Lacing System

Lacing up the Freestones
Lacing up the Freestones
Quick lacing hooks do not extend low enough
Quick lacing hooks do not extend low enough

The lacing system on the Freestones leaves something to be desired. The added eye loops catch on debris and collect mud, making them difficult to loosen. The speed lacing hooks don’t extend far enough down on the boots to be effective.

Simms Freestone Wading Boots: Pros and Cons

Let’s take a quick glance at the pros and cons of the Simms Freestone Wading Boots.

Durable materialsBoots run large
Double and triple stitchingVery stiff materials
Good protection from rocksMinimal cushioning
Available in sizes 5 to 15Difficult to put on and take off
Metal hardware for lacingHeavy (4.6 lbs when wet)
Boots still look good after 2 dozen tripsLacing system can be problematic
Adequate felt traction 

What Other Waders are Saying

On Amazon, the Freestones have a rating of 4.5 out of 5 stars. Here’s a snapshot of what some reviewers had to say:

Reviewer #1: 5 Stars

This reviewer praised the boots for their durability, even after being run over by a truck. They also appreciated the easy return process when initially receiving the wrong sole type.

Reviewer #2: 5 Stars

For this user, the sizing was perfect, and they found the boots to be the most comfortable they’ve ever owned, even after 9 hours of wear.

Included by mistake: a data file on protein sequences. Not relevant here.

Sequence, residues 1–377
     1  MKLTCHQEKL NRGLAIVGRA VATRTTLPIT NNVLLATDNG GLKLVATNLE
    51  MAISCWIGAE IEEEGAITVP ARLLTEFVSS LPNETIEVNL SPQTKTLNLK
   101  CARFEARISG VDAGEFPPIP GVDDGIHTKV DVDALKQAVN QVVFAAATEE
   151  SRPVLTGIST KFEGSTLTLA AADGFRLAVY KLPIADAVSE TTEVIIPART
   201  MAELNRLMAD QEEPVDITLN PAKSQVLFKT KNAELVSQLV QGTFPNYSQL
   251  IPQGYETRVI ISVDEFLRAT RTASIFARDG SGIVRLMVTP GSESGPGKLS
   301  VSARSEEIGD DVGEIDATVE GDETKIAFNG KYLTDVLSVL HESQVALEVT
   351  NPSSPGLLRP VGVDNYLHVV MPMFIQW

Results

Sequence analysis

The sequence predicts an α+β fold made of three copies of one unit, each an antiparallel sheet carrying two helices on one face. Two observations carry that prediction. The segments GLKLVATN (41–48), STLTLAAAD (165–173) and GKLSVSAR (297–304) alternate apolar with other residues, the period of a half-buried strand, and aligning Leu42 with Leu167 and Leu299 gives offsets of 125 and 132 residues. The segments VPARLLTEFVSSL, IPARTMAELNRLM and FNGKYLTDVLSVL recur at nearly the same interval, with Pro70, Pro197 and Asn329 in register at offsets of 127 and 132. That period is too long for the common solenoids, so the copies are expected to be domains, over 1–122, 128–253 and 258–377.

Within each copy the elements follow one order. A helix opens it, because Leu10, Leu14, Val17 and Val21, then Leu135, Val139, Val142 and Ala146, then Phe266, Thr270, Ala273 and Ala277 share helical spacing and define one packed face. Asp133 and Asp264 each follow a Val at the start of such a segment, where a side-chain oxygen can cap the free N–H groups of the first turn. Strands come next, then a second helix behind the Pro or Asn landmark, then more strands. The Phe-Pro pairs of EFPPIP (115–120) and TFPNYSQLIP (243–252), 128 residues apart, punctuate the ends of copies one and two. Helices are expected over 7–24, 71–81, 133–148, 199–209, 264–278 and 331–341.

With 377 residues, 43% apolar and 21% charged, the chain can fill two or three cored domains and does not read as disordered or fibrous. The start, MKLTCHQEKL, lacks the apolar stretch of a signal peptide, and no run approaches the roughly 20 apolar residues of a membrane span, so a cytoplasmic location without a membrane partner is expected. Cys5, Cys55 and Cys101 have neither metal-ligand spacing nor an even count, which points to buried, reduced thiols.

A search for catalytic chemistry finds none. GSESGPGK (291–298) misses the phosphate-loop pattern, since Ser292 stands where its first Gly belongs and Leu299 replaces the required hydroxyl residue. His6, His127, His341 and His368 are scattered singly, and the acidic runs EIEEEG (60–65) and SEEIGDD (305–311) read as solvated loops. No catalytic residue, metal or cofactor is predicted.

Reviewer #3: 4 Stars

This reviewer found the boots protective and non-slip, but felt they looked and felt bulky, comparing them to “Frankenstein boots.”

Reviewer #4: 1 Star

An avid fisherman found the quality of the Freestones lacking, with the felt bottoms starting to separate after extensive use.

Guide’s Choice: If you’re heart is set on the Simms brand, the Freestone wading boots deserve your attention. They’re not only durable but also offer excellent foot protection, ensuring longevity. Wade into the Simms experience and snag your pair on Amazon using this shortcut link 👉 Simms Freestone Wading Boots.

My Recommendation

For the $200 price tag, there are better wading boots I’d recommend. The Simms Flyweight, for instance, offers more comfort at a similar price point. For those on a budget, the Paramount Deep Eddy’s are a solid choice. For a comprehensive comparison of wading boots, check out my full head-to-head comparison. 👉 The Best Wading Boots for the Slipperiest Rivers.

One Last Cast with the Freestone Wading Boots

In wrapping up my experience with the Simms Freestone Wading Boots, it’s evident that while they stand strong in durability and protection, they fall short in comfort and flexibility. Their oversized fit and rigid materials made them less than ideal for extended fishing trips.

For those prioritizing sturdiness and a wide range of sizes, these boots might be a fit. However, for the price point, I believe there are more comfortable and versatile options out there.

Hi David Humphries Owner of Guide Recommended. I love everything to do with fly fishing. Casting, Tying, YouTube, writing about it and even teaching. I’ve got a FREE video workshop teaching how to dry fly fish at this link How to Fly Fish